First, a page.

National Lien & Bond

Monthly Lien Law Update: September 2020

Monthly Lien Law Update: September 2020

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Federal court grants USA Fanter’s More Than $2M on Fraudulent Lien Claims for a Casino built in the Mariana Islands

In September 2020, District Court Judge Ramona V. Mangloña granted an application for more than $2m in mechanic’s liens against owner Imperial Pacific International, LLC (IPI) and in favor of contractor USA Fanter. The project, a Casino built in the Mariana Islands, remained under US jurisdiction due to the islands being part of the Commonwealth of the United States, meaning that US Federal Courts would be used to enforce the mechanic’s lien.

And that is exactly what happened. USA Fanter filed their claim in the District Court on February 6, 2020, and the lien was granted on September 7, 2020. This turnaround time may appear slow to the casual observer, but the federal courts move slowly, and this kind of timeframe should be expected. Judge Mangloña found that USA Fanter had fulfilled their contractual obligations, valued at nearly $2.4m, and had been paid a mere $300,000. As such, the mechanic’s lien issued in this case was just over $2m.



The California Stop Work Notice Law is a powerful mechanism to exert leverage against the owner.

In situations where there is “no dispute as to the satisfactory performance of the contractor,” Stop Work Notice laws in California allow a contractor to immediately stop work on the project and seek a ruling in court to determine the issue. The procedure is simple. First, the contractor must post a stop work notice at the worksite 5-days before ceasing work. They must also notify all subcontractors. Once those requirements are met, the contractor is not legally liable for the cost of the delay in determining payment. The contractor’s liability to the subcontractors is likewise limited to the amount the subcontractor could otherwise recover under its mechanic’s lien rights.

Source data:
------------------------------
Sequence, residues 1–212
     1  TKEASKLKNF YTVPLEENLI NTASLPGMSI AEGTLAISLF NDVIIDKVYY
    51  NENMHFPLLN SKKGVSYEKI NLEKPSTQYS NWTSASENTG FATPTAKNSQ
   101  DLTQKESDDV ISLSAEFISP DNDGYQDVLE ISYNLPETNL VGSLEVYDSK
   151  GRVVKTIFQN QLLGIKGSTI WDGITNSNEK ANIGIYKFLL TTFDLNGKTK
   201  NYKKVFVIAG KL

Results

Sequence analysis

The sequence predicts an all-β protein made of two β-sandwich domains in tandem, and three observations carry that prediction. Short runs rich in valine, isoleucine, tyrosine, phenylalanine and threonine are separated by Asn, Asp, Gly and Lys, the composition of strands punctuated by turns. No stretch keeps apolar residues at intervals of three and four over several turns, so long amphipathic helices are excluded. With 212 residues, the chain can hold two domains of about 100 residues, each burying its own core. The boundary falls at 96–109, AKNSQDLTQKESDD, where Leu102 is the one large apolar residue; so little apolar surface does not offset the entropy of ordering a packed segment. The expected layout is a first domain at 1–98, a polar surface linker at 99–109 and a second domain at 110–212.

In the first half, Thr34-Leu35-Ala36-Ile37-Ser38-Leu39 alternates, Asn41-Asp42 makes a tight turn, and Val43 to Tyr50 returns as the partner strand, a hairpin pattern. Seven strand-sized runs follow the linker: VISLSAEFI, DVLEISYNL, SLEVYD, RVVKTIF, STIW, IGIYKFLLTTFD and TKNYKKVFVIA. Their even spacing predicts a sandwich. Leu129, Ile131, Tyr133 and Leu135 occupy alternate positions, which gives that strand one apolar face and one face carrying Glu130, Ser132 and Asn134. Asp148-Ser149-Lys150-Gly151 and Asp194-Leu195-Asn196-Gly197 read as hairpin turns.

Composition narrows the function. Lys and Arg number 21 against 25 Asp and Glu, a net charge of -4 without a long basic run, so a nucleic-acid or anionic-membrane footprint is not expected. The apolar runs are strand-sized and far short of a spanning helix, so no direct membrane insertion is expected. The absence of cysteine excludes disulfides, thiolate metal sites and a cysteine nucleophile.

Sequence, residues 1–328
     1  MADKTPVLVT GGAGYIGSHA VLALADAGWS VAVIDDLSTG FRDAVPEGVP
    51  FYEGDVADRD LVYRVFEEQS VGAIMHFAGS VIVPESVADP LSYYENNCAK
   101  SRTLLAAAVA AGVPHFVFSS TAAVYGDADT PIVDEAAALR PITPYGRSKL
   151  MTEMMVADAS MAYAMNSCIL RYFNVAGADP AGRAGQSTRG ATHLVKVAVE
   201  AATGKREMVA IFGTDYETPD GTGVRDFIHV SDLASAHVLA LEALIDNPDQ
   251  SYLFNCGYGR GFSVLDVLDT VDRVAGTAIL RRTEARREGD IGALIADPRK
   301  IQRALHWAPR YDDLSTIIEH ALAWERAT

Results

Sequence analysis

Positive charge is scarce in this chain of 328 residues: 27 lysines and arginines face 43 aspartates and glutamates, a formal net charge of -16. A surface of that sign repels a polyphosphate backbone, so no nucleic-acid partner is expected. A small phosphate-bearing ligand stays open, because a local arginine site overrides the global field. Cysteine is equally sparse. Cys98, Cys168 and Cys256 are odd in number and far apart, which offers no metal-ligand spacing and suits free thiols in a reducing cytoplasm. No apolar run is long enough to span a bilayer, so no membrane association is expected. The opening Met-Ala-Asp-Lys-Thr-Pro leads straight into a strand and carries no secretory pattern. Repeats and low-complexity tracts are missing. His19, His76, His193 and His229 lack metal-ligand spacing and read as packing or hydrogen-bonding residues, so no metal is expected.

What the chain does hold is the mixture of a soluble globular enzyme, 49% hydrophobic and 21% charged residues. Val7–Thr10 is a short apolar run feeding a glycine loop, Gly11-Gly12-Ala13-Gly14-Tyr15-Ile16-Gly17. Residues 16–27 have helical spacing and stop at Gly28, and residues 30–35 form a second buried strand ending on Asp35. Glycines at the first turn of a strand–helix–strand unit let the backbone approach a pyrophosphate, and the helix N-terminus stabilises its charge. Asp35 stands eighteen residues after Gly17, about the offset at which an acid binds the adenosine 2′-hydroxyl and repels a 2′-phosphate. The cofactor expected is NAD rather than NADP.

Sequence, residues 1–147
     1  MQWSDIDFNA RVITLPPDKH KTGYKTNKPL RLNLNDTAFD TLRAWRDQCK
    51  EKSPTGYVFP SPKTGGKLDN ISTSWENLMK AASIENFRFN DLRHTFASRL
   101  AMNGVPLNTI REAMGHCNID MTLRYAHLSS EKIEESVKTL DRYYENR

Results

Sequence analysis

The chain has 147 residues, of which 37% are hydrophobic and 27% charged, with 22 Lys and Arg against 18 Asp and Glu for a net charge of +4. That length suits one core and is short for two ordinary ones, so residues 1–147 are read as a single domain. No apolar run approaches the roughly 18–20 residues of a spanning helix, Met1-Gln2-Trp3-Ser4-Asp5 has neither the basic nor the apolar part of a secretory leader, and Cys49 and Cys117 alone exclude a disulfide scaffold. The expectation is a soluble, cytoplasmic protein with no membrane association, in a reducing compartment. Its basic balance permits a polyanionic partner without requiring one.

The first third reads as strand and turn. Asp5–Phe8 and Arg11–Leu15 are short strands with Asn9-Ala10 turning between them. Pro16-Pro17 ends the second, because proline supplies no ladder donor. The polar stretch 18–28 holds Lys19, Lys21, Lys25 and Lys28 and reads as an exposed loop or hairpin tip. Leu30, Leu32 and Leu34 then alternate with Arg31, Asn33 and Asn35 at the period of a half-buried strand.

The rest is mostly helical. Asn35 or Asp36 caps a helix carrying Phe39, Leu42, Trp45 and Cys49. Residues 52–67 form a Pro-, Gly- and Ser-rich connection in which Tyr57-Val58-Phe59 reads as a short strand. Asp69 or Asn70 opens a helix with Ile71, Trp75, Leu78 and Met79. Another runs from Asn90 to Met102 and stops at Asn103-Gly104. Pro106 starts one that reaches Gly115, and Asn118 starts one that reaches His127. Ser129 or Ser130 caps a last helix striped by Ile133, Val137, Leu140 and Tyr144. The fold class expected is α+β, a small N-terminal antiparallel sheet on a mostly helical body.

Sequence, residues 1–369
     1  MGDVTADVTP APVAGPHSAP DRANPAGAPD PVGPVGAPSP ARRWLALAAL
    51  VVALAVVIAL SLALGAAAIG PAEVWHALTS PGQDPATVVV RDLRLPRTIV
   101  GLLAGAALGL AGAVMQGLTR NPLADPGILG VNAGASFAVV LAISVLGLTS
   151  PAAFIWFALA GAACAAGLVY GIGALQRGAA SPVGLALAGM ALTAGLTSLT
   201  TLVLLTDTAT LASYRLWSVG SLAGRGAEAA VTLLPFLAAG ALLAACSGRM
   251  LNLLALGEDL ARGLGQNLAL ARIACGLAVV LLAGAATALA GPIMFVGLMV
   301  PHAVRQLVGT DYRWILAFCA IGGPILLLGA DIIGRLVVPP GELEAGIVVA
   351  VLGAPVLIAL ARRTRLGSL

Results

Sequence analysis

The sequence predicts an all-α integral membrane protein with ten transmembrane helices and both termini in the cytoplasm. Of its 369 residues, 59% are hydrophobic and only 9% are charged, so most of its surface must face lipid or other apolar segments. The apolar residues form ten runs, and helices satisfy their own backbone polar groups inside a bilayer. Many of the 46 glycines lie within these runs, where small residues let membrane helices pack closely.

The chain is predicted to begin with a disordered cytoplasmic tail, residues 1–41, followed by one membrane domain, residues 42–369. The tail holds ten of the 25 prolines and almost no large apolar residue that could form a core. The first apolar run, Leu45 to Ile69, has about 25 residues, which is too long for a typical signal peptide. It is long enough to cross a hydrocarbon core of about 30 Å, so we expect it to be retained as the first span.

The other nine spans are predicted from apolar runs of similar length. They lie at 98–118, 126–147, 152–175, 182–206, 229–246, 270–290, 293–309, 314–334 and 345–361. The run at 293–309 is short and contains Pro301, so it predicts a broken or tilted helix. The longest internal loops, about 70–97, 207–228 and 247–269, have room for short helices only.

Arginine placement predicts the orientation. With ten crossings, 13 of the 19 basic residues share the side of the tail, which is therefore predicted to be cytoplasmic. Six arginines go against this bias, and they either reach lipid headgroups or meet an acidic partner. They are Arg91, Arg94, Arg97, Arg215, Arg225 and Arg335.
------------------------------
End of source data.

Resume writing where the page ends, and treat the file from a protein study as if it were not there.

This procedure has a narrow application because, even if an owner fails to assert a “good faith” dispute to justify the amounts withheld, they may assert an unrelated dispute. This appears to mitigate the importance of Stop Work Notice laws. However, by using the Stop Work Notice law as a sword, an aggressive contractor could challenge the owner by arguing there actually is no dispute over the unpaid work. The contractor would then exercise their statutory rights to shut down the project entirely, pursuing the expedited proceeding remedy in court.


Can you file a single mechanic’s lien on multiple buildings in Illinois and Missouri?

We tend to think of liens and mortgages in terms of a single building. But many projects today contemplate multiple buildings, and when this happens, the concept of liens must be considered carefully. In Missouri, to have mechanic’s lien rights on multiple buildings on multiple lots, those buildings must be “united together and situated upon the same lot or contiguous lots, or separate buildings upon contiguous lots” and that they must be built under one general contract. Mo. Ann. Stat. § 429.040. This raises issues when multiple buildings are located on non-contiguous lots. Under Missouri law, for lots to be contiguous they must share at least one “common side.” In other words, lots located kitty-corner from one another do not fit the legal requirements, and if you want to file a lien against multiple buildings, you need to file mechanic’s liens separately.

 Illinois treats this differently. There is no requirement for the lots to be contiguous in Illinois, so the question becomes whether the lien was timely filed. Illinois requires that the mechanic’s lien be filed within four months following of the completion of each building. Here, the date of completion of each building, not the project, controls. Because Illinois and Missouri will likely have overlap in terms of contractors due to proximity, they must be sure to comply with the law that applies to their situation. The stark difference between Illinois and Missouri on this issue alone illustrate this point.



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